[…] exemplified by The Trial and “schmoop”
Part the First:
We always bring certain “expectations” to a work we read, certain prejudices (‘pre-judgments’), biases, etc., and even if we are aware of some of them—e.g. race/ethnicity/nationality, class, gender/sex, religion …—we cannot know we have uncovered them all, that we have eliminated everything standing between “us” and the “work.” Privilege is, by definition, invisible to those who have it. And even if “we” as readers are distinguished by class, gender, and race (among others), we are all “readers of the early 21st-century.” No matter what our differences, we are still more like each other, perhaps, than we are like readers from fifty years ago, eighty years ago.
On the other hand, why should we even assume that these biases are “infiltrating” the space between us and text, that they are unwanted mediation, that they “corrupt” our readings? Does this not presuppose a definition of what it means to be a reader (or a subject) as an “essence”; does this not presuppose a sharp divide between subject and object? Is it perhaps not instead the case that we are our prejudices and biases, our privileges and check-boxes of attributes. That is: I am not an “I” in a “context”—I am my context, my experiences.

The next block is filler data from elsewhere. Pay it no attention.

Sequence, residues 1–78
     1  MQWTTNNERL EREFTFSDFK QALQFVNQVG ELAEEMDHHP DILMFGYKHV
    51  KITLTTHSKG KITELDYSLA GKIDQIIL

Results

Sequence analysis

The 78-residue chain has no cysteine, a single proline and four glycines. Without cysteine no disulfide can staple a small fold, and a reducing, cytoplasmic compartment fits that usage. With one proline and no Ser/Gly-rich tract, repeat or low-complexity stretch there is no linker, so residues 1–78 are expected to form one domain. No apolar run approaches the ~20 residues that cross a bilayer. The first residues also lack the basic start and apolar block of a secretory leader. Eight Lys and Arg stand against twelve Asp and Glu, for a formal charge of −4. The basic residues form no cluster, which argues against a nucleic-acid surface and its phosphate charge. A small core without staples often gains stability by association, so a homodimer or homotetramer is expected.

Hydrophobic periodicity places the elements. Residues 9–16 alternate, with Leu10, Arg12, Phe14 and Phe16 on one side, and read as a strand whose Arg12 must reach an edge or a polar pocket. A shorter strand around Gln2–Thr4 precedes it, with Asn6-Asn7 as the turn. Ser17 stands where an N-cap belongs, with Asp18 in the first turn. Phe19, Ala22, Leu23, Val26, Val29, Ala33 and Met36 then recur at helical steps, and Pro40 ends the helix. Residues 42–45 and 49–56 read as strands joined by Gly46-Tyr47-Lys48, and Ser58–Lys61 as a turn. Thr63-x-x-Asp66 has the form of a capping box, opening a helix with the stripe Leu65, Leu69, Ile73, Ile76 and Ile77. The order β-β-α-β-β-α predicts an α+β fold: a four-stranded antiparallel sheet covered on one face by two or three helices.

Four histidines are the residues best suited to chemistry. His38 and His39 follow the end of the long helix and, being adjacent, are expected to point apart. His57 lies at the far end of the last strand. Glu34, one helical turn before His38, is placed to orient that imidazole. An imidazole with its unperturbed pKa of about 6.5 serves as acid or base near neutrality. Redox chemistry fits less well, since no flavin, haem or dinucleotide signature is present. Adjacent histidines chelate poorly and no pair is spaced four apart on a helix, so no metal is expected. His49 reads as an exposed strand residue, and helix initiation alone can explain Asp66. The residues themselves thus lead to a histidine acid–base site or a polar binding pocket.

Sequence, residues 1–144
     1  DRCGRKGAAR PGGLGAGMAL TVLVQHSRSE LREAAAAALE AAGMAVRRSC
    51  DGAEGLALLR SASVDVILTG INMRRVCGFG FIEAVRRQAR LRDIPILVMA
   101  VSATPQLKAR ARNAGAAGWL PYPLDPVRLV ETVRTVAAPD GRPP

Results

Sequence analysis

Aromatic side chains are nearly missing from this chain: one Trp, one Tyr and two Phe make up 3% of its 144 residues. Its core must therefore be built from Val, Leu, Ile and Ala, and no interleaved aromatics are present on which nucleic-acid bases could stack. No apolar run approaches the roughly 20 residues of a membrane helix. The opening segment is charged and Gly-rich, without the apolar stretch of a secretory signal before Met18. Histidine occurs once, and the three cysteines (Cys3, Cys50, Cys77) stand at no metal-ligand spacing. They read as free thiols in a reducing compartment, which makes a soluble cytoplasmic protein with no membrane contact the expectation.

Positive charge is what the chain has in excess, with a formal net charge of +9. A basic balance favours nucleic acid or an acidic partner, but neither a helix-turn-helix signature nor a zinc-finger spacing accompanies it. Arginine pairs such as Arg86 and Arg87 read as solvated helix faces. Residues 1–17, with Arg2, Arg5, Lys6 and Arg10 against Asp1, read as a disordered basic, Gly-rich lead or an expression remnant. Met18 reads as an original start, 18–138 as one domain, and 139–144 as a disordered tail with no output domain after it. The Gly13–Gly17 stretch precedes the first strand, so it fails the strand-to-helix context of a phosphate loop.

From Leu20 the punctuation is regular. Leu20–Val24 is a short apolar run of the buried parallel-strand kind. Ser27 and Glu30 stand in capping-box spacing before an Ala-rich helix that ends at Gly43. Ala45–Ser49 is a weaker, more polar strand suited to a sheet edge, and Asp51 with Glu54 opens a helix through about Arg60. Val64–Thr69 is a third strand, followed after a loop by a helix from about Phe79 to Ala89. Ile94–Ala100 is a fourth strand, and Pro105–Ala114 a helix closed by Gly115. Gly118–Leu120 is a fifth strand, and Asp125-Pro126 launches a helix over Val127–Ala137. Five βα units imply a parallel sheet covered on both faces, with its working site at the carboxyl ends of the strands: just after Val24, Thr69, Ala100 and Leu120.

Part the Second:
Some expectations may be better or worse than others, not or not merely in terms of “correctness,” but in terms of how warranted they are, how much they display a proper evaluation of the work in its context and of us in ours. Expectations and assumptions, it is frequently said, often say more about the viewer-reader than they do about the object under consideration.
Certain assumptions and expectations are common to readings of Kafka’s works, The Trial not accepted. Several are revealed in the “study guides” provided at “schmoop“.
When discussing the setting we have, “An unspecified modern city […] Kafka’s The Trial is not situated in a specific city or a specific historical moment […],” which is descriptively accurate enough, but what soon follows is: “With each new setting, the novel defies conventional expectations as to what the function and significance of the setting is. The courts, for example, are usually associated with government authority and power, but in the novel, they are located in a rundown neighborhood […]” If, as in the case of The Trial, little occurs in the places we “expect,” then instead of judging the story/setting against these expectations (as “misplaced” or “displaced”) we could/should instead treat this as a kind of world-building, not a comparison with “traditional” cities but, rather, a positive description of K.’s / Kafka’s city.